Cornishman, Thursday 23 September 1880

The Book of Mylor also notes that “After the racing, pasties, heavy cake and cream teas were the order of the day… At one time the regatta was the highlight of the sailing calendar topped of by a dance in the Tremayne Hall…”

“Heavy” cake is better known locally as “hevva” cake, a reference to the once thriving pilchard industry and the cry raised when a shoal was spotted from the shore. And maybe (just maybe) the cream teas included split buns rather than scones.

The surviving (and thriving) Regattas


The information presented here about the regattas comes from many sources including Robert Talbot, Nigel Sharp, and John Birch. Other individuals are credited in the text.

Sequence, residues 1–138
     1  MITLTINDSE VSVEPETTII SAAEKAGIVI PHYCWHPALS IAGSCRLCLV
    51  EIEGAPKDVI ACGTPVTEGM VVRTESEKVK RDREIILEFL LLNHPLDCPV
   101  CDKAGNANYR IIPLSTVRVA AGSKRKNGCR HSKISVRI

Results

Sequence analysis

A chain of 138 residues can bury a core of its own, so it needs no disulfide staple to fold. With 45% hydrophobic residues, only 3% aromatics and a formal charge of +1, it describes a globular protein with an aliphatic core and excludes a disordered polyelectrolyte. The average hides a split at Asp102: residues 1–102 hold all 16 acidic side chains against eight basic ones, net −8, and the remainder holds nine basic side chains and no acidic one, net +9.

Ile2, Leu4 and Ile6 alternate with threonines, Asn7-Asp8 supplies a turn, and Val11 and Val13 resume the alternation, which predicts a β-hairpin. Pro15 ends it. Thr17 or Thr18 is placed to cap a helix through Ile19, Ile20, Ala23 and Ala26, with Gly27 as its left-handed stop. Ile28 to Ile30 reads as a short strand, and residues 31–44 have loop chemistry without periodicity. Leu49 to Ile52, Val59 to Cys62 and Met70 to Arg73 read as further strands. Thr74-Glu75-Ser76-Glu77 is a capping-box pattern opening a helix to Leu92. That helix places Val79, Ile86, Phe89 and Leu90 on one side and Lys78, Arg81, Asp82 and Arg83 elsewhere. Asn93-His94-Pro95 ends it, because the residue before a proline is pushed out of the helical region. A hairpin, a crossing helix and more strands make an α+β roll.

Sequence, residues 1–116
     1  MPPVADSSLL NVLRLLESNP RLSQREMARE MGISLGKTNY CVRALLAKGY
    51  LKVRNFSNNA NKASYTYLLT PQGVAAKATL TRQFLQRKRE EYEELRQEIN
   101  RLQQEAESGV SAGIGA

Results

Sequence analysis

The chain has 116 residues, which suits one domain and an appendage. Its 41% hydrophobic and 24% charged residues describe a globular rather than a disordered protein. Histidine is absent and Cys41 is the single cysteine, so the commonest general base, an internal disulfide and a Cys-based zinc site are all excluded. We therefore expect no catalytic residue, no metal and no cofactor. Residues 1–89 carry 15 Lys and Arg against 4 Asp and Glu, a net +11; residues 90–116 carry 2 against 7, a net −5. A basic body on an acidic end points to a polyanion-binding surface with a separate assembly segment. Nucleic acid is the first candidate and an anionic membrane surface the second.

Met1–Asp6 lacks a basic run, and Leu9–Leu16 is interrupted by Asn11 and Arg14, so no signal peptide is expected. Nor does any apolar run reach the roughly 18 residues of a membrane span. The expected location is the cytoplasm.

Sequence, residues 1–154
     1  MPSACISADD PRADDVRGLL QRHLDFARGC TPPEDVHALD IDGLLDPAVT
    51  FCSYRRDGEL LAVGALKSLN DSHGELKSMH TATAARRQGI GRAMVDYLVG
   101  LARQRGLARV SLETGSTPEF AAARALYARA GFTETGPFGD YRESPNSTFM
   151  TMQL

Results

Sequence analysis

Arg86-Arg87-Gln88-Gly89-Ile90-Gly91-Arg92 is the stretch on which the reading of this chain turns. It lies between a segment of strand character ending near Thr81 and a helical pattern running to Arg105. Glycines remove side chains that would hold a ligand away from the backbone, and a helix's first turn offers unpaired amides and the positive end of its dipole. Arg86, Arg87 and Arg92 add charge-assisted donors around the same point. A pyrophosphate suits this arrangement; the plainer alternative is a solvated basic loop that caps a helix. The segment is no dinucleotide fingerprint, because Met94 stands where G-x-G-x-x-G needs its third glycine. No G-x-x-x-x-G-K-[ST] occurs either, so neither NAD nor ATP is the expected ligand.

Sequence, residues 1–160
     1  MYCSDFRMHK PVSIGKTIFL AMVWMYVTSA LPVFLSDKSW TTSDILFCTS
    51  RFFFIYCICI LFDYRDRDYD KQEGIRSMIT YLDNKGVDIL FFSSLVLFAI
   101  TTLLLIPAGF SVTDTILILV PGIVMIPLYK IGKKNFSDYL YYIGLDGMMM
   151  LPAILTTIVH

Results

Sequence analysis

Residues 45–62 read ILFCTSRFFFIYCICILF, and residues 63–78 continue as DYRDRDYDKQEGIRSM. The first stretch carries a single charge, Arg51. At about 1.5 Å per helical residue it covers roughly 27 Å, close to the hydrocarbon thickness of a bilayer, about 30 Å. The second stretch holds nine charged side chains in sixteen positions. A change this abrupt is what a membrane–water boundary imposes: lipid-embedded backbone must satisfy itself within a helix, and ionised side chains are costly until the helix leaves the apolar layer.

The Portscatho logos were supplied by Ann Round, Janet Chilton, Jenna Robbins, Gez, Jill & Gerry McLeod, Vicki Kilner and Gerry Beddoes.

The Feock Parish Newsletter is available from the Feock Parish website, while the Restronguet Creek Society's newletter was another useful source. Transcriptions or copies from the local newspapers, notably the Royal Cornwall Gazette, the West Briton, the Cornishman and the Falmouth Express and Colonial Journal also provided some contemporary reports.

Although the ‘histories’ have been reviewed, errors of fact and interpretation will be present. Mea cupla. But if you can point in the direction of better information, please do.

Sunny Corner

Sunny Corner



Mylor Creek

Mylor Creek

Rowing boats

Seine netting

Stanhope Forbes, The Seine Boat, 1904

Rowing to Truro

Gigs rowing to Truro

Gigs rowing to Truro

Mylor Dockyard

Mylor Dockyard